TABOO or members of the TABOO Team are not medical professionals, and this does not constitute medical advice. Please talk to a medical professional if you have concerns about any issues raised in this blog post.

If you’re a person with a vagina, chances are that you’ve experienced at least one UTI – or Urinary Tract Infection – in your life. They’re irritating, uncomfortable, and sometimes incredibly painful. Ranging from a slight itching sensation down there, to nausea and vomiting, a UTI can easily be dismissed as a small annoyance that comes and goes. However, left untreated, UTIs can pose serious health risks. But don’t worry - TABOO is here to give you the low-down on all things down low.

UTIs are typically caused by bacteria entering the urinary tract through the urethra. UTIs come in varying forms, but the most common types affect the bladder and urethra. Certain factors can make someone more at risk of developing a UTI. People with female anatomy are more likely to, given the proximity of the urethra to the vagina and anus. Being sexually active can also increase your chances (here is your gentle reminder to always pee after sex!), as well as some forms of birth control – diaphragm users, I’m looking at you! When treated promptly and properly, UTIs rarely lead to complications. However, if left untreated, UTIs can have severe consequences. Now for the scary stuff: complications of a UTI can range from recurrent infections to permanent kidney damage or even sepsis, which can be potentially life-threatening. This is why it’s crucial that people – specifically, those with female anatomy – understand how to prevent and treat UTIs.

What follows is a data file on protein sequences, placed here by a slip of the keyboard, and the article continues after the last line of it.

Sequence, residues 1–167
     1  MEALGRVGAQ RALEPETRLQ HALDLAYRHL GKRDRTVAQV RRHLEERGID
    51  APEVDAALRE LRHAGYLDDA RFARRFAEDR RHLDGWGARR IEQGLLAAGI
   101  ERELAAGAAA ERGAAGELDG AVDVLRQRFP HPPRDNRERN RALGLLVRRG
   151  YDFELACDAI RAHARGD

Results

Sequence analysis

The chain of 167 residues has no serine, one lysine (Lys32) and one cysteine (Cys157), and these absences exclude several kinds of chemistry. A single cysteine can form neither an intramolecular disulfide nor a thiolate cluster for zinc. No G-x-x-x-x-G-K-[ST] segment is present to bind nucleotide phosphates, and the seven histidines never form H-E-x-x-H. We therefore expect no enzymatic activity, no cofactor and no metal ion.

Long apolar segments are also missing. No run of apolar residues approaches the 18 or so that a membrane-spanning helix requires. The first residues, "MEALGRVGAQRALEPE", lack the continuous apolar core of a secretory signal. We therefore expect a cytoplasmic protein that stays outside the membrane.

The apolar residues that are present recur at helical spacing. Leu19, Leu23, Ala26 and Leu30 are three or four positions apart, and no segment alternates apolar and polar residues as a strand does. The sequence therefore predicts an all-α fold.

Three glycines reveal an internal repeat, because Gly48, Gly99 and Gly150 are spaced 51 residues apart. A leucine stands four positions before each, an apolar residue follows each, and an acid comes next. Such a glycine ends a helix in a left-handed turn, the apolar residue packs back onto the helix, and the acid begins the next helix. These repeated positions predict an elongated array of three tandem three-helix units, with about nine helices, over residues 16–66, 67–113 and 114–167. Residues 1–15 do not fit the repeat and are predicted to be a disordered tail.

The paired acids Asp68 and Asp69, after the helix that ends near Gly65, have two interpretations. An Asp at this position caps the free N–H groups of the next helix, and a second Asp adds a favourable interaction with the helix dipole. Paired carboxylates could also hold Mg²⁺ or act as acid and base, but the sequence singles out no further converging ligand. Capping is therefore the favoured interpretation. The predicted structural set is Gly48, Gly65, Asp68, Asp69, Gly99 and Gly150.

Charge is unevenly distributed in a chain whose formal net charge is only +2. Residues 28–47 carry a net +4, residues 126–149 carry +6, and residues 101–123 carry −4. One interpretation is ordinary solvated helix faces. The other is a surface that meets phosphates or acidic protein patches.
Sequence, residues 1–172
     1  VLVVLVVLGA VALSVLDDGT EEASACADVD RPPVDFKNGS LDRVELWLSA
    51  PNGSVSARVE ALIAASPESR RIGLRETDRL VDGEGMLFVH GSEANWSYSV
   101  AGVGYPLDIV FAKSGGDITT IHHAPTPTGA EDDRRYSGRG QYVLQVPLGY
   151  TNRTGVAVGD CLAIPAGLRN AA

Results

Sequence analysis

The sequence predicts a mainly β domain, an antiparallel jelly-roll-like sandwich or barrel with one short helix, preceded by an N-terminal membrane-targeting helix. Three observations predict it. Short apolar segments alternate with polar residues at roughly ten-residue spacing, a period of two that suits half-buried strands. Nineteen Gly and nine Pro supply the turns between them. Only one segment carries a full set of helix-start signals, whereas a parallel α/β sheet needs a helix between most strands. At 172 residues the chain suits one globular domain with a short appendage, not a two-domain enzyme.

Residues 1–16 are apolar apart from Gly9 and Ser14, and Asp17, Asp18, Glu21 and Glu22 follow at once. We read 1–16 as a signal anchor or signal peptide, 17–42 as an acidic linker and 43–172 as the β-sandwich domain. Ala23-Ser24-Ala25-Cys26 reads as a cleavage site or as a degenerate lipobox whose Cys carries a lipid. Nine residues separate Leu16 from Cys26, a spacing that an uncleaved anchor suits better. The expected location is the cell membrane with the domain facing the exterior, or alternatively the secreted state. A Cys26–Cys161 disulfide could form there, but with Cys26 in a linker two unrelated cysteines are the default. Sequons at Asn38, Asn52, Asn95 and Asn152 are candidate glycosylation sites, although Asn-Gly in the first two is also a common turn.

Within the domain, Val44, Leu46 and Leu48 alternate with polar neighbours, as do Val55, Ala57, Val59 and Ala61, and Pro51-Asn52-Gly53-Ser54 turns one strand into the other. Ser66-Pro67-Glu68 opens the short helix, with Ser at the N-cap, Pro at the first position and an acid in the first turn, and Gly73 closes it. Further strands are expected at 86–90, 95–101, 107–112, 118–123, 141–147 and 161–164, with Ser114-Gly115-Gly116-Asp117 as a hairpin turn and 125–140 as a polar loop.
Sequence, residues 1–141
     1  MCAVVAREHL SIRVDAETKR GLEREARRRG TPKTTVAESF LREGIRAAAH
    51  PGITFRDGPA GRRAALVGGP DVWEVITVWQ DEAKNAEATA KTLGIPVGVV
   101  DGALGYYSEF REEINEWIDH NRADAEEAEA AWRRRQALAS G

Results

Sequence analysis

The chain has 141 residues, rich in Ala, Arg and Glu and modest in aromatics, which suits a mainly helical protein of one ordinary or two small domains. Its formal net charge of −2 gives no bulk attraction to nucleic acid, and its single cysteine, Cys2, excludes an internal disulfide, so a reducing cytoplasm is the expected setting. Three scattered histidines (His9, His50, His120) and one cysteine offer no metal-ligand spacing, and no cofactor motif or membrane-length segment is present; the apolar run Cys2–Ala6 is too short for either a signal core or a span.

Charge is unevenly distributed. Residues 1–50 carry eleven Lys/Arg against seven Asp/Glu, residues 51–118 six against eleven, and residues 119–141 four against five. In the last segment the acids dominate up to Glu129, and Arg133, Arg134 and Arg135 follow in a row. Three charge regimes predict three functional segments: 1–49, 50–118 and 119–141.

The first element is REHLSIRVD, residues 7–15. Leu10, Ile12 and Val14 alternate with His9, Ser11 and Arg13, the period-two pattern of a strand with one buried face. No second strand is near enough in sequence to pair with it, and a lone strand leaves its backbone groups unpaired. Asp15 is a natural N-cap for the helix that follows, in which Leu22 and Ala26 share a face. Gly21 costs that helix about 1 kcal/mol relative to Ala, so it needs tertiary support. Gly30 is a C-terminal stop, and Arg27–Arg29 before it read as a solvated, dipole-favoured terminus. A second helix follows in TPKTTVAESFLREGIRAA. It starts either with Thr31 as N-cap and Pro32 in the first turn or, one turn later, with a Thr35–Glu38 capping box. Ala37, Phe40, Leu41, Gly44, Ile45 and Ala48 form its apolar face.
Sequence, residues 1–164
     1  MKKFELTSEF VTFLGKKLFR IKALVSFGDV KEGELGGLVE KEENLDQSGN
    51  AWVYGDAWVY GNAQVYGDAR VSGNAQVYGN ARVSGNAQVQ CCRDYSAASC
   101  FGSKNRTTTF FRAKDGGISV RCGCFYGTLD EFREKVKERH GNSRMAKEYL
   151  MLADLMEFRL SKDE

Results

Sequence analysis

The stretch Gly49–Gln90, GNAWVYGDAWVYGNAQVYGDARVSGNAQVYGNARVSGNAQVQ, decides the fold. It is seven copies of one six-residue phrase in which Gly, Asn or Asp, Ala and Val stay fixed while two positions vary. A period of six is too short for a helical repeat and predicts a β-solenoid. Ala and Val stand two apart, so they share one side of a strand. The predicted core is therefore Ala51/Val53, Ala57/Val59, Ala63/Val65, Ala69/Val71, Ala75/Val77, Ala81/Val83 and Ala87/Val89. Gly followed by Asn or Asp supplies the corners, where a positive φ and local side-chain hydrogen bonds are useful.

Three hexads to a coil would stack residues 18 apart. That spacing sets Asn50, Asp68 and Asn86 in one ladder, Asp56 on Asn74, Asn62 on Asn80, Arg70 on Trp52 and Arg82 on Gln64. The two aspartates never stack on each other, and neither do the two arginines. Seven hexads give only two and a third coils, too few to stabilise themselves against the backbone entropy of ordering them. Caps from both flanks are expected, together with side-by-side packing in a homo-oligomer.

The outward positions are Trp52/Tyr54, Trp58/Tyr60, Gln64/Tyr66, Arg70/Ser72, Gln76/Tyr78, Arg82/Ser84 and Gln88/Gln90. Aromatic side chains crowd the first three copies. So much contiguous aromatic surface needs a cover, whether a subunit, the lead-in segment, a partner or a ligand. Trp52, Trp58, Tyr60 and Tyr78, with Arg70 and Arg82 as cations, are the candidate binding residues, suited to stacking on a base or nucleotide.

Thankfully, prevention is fairly straightforward. You can reduce your risk of developing UTIs by making small lifestyle changes, such as the following:

If you’re concerned that you may be experiencing a UTI, diagnosis is fairly straightforward and you should speak to your GP. They may ask for a urine sample to analyse, or in the case of recurring UTIs, they may suggest a scope or ultrasound to determine the cause. If you are found to be suffering from a UTI, the first line of treatment is usually antibiotics. The type of antibiotic will vary based on the severity of your UTI and your medical history, as the numerous side effects associated with antibiotics may outweigh the risks associated with a UTI. Pain medication may also be prescribed to numb your bladder and urethra, but the pain is usually alleviated shortly into your course of antibiotics. For a more severe UTI, you may receive intravenous antibiotics in a hospital.

Like many feminine health issues, UTIs are often ignored due to range of reasons, including a lack of education around what’s going on down there, or simply just being too embarrassed to talk to your GP. It’s vital that you find a GP that you trust and can comfortably reach out to with questions. If you think you may be experiencing a UTI, take a look at some of these trustworthy online resources and have a chat to your doctor: 


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